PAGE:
Tennis Serve Technique for Setting the Tone

Tennis serve technique is important to master because you need to hold your service game in order to have a chance to win the set and match. If you win the toss you could choose to receive, so that you can work your way into the match. The other player may falter, especially if nerves are a factor.

The players today can hit huge serves. Andy Roddick (retired), Ivo Karlovic, and John Isner have big serves that can win matches. You can study their serve stats to get an idea of the importance of this shot to their game. Their holding serve is almost a given, so they can concentrate on breaking their opponent. However, sometimes these players rely so much on this shot that other parts of their game never fully develop, i.e., ground strokes.

The higher your contact point the greater margin for error, so jump into the court. The further into the court you hit the ball the more speed you can generate. The most important thing is to get everything to fire correctly. This happens as your ankles, knees, hips, shoulders, arm, and wrist uncoil in the right way.

A videotape can help a player see how the uncoiling process is working. You can also hear the “pop” on the ball when it is struck properly. A “heavy” ball is produced when everything fires just right. The ball tends to push back the opponent when it is hit like this.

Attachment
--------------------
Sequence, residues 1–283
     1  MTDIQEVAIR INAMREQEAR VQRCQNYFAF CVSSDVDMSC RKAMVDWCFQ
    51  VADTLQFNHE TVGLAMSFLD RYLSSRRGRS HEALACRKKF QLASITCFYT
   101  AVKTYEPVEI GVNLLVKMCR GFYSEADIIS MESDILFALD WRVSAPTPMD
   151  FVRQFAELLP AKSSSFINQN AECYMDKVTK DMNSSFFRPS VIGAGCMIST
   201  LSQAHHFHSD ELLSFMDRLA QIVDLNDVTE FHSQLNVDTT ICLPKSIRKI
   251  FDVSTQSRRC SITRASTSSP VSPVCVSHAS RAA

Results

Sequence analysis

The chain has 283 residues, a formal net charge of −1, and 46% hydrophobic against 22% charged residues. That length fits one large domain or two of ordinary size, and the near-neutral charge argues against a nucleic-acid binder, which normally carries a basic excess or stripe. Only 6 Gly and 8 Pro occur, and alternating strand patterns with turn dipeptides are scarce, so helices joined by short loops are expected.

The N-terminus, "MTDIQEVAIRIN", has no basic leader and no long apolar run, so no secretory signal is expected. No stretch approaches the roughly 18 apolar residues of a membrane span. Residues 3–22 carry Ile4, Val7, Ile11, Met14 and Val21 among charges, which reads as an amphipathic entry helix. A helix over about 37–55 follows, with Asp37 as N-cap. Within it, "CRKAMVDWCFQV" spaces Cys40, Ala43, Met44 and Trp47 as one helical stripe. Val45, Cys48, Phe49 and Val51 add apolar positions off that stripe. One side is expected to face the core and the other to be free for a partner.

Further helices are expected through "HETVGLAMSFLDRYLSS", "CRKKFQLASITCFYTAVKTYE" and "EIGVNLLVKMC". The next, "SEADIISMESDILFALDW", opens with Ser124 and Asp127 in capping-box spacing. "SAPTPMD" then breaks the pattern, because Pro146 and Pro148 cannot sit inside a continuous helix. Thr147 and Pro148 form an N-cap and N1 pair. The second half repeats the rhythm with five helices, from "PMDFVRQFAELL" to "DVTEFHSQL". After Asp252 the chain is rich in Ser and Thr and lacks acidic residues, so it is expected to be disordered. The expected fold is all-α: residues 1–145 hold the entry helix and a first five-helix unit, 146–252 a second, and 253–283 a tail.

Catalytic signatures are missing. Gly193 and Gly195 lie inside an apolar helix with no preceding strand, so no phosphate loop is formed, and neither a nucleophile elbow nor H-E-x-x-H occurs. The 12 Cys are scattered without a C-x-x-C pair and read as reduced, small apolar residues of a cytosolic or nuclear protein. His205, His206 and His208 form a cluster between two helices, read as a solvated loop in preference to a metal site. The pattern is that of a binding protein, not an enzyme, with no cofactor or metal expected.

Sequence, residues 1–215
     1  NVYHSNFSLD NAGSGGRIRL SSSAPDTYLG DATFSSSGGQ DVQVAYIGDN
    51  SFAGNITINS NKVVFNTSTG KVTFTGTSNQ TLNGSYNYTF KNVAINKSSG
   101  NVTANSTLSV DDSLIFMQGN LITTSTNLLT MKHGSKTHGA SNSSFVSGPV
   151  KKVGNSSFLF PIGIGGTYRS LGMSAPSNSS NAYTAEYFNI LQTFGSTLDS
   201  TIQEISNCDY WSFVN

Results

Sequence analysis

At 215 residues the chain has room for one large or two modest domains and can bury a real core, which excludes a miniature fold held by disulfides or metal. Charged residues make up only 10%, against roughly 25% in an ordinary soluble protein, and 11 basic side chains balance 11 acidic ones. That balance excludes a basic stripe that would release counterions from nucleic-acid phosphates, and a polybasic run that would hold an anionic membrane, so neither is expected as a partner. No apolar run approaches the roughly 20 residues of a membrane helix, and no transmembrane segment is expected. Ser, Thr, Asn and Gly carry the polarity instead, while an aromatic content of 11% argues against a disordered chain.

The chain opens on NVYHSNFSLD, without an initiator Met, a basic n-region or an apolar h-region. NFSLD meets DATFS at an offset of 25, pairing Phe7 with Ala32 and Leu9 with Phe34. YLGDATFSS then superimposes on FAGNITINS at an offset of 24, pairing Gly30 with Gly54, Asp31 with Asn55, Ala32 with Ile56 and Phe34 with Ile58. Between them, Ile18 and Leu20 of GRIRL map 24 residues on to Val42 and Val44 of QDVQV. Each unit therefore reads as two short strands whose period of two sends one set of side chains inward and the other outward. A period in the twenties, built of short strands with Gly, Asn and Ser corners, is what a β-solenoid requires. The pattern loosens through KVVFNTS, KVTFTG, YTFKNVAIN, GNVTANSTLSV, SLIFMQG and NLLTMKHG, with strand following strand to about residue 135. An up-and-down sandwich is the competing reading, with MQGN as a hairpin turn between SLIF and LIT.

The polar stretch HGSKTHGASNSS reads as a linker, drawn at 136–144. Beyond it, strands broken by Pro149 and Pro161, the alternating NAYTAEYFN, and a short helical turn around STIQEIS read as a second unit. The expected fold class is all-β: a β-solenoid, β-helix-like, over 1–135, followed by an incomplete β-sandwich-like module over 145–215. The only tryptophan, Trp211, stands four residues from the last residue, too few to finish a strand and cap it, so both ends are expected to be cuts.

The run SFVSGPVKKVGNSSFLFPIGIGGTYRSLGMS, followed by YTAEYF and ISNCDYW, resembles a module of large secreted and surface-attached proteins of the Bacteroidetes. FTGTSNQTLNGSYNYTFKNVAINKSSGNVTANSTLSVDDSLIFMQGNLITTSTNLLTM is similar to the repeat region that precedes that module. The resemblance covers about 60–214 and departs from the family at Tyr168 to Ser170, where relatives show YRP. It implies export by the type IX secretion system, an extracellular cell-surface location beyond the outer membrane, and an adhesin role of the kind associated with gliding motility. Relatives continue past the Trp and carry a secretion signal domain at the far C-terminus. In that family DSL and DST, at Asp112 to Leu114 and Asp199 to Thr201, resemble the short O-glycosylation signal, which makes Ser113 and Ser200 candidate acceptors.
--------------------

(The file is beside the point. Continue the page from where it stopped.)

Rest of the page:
There are different variations of the serve. The first serve is more flat or with a little spin to add a bit of margin. This margin helps the players get a higher percentage in. The second serve can have more slice or top spin to give more clearance over the net. The ball may move slower, but it should jump a bit more at the opponent.

Even if you hit a great serve, make sure you get ready in case your opponent hits it right back at you. Hopefully he’ll hit a short or weak ball that you can hit and put him on the defensive. Hitting a high percentage of first serves will ensure you get more opportunities to win points. This shot starts each point, so it's important to practice (and to work on your return).

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